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Seasoned Investor Conned by Phony Investment

If It Can Happen to Him...

TASA ID: 2346

A few years ago I met an investor who explained to me that he had a business dispute lawsuit he was preparing to file.  He planned to engage my services to support the litigation. 

During our discussion, he diverted from the subject and began telling me about this wonderful investment he had just gotten into.  This man had been in the business world for over 50 years and was quite successful.  He went on to describe a company that claimed to have developed a computer program that trades commodities each day and produces a profit of 1.25 to 1.75 percent whether the commodity goes up or down.  He continued by telling me that he held a small investment but was planning to invest a substantial sum and, I should join him.

He showed me a one month statement from the company.  It showed daily transactions (opening balances, transaction amounts in totals and closing balances) and at the end of that month showed a 31.65 percent return on investment.  The deal, as he explained, was shared 60% for him and 40% for the company.  I questioned the fund’s claims and he became impatient.  I did not want to have a dispute over this.  To avoid this I asked him to do the following: I circled one day out of that statement and asked him to find out what commodities were traded that particular day that would have achieved the reported gain for that day.  He agreed.  I also asked if he could get his money back and he said he could.  I asked that he do that and see if their check is honored by the bank.  He also agreed to that.  I asked one more thing, that he not put any more money into the fund until the first two had been completed.  He agreed.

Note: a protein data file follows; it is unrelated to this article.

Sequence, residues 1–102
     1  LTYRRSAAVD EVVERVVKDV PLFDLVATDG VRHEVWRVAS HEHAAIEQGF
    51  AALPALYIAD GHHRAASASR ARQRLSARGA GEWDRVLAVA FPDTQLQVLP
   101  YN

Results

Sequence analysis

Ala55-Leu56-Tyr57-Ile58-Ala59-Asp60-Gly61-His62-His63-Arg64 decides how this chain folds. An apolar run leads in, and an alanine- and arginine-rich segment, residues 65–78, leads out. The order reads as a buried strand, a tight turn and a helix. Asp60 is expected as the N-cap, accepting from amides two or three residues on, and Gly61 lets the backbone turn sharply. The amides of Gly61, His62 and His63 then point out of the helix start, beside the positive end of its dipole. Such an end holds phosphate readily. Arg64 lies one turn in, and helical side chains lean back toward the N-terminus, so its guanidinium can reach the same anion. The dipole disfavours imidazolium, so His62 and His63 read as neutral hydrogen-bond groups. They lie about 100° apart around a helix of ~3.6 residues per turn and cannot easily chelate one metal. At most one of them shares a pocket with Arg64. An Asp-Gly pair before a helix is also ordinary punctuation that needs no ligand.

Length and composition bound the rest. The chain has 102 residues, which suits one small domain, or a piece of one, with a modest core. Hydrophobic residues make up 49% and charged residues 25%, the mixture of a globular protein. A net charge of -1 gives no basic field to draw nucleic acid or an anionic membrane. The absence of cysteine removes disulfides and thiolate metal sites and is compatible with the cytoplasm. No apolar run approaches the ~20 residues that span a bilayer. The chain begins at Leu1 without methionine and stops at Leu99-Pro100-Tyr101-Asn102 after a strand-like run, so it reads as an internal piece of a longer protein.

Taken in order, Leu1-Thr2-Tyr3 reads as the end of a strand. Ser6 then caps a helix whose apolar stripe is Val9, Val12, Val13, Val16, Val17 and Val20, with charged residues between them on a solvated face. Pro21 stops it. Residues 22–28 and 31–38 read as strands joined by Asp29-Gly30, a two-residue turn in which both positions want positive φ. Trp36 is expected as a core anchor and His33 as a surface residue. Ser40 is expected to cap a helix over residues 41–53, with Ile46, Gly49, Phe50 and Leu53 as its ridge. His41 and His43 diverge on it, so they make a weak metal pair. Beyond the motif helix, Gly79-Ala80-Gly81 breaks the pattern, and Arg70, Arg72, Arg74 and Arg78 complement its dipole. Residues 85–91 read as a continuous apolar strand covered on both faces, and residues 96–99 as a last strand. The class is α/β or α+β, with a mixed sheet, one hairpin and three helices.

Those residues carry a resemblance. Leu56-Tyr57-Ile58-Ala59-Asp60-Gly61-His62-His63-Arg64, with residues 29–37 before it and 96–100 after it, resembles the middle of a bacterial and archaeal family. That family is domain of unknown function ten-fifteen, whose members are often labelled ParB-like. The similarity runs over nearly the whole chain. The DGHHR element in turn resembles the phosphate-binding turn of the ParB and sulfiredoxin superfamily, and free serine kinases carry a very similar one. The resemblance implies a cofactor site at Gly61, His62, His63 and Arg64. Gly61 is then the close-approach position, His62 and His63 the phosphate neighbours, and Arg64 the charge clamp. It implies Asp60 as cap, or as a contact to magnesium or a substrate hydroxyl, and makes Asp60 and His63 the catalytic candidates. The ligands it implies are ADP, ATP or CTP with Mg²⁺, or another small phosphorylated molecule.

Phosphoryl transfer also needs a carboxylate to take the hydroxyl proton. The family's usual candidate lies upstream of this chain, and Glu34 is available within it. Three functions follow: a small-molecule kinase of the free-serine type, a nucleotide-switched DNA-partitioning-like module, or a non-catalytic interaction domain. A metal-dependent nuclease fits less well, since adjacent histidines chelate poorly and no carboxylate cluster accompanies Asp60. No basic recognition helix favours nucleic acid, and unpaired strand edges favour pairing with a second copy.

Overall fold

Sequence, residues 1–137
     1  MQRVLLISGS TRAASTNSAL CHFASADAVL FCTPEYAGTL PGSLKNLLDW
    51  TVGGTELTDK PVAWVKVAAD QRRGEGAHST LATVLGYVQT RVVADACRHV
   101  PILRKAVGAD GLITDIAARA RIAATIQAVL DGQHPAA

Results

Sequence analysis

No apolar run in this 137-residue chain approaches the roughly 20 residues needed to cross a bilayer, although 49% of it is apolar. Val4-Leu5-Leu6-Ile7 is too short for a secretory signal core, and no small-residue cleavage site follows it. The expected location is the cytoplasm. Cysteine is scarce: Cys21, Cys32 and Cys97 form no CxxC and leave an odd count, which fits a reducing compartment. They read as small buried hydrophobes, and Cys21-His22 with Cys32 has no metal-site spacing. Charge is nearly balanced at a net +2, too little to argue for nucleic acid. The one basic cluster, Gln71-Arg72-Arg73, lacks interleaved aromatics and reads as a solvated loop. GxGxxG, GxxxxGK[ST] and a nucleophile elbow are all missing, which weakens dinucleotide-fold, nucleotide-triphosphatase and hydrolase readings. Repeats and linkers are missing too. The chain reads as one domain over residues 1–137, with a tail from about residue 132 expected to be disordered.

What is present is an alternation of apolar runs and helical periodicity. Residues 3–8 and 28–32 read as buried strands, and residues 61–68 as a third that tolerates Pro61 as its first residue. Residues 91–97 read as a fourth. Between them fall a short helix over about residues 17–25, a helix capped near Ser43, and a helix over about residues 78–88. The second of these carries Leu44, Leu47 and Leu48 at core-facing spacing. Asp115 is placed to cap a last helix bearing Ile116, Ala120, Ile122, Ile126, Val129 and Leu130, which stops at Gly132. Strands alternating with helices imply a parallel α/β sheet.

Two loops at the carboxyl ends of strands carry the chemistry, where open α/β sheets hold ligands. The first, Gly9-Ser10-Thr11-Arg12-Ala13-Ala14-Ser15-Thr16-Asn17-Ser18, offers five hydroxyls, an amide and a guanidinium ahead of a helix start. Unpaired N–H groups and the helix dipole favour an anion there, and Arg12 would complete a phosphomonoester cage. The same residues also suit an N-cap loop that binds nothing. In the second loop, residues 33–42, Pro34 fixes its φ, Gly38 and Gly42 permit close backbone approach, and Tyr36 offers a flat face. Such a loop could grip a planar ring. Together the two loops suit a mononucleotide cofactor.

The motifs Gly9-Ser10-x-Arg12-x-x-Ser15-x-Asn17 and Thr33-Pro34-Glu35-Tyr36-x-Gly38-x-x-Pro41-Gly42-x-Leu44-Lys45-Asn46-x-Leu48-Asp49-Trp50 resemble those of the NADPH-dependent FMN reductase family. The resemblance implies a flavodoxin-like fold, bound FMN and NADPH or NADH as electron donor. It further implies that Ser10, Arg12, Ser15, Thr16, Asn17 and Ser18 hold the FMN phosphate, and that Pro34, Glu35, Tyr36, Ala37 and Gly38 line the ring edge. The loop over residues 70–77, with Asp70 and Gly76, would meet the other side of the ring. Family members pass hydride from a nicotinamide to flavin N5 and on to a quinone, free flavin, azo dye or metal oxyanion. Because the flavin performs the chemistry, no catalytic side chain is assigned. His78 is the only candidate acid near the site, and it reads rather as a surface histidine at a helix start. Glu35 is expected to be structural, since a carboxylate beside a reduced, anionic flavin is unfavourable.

After a few days I was in contact with him and asked the status of my request.  He told me they seemed very busy and would get back to him.  A few more days passed and there was no change.  I did not want to get on his nerves; he had a small amount of money at risk and kept his promise not to invest more money.

Approximately three weeks later on a Monday morning he telephoned me and told me the president of the company had been arrested over the weekend.  There was no computer program or any trading.  The company was not approved to trade securities on any exchange.  He was very grateful for my skepticism and disbelief.  He saved a large amount of money that he did not have the time or ability to re-earn. The name of the company was Safevest, LLC.

This all occurred prior to the Madoff scandal.

Conclusion

If a seasoned investor could be conned, imagine how others would fair.  My skepticism flag was raised when he discussed massive and promised returns and a computer program that can seemingly predict the future. 

Piece of Advice

A con artist’s prime goal is to convince someone to abandon their view of reality and place their belief and trust in them.  My client rejected my skeptic view as is common with a victim of fraud.  He had deluded himself with the aid of the con artist.  Displaced trust is a technique of a successful con artist. 

 

This article discusses issues of general interest and does not give any specific legal or business advice pertaining to any specific circumstances.  Before acting upon any of its information, you should obtain appropriate advice from a lawyer or other qualified professional.

This article may not be duplicated, altered, distributed, saved, incorporated into another document or website, or otherwise modified without the permission of TASA. Contact marketing@tasanet.com for any questions.

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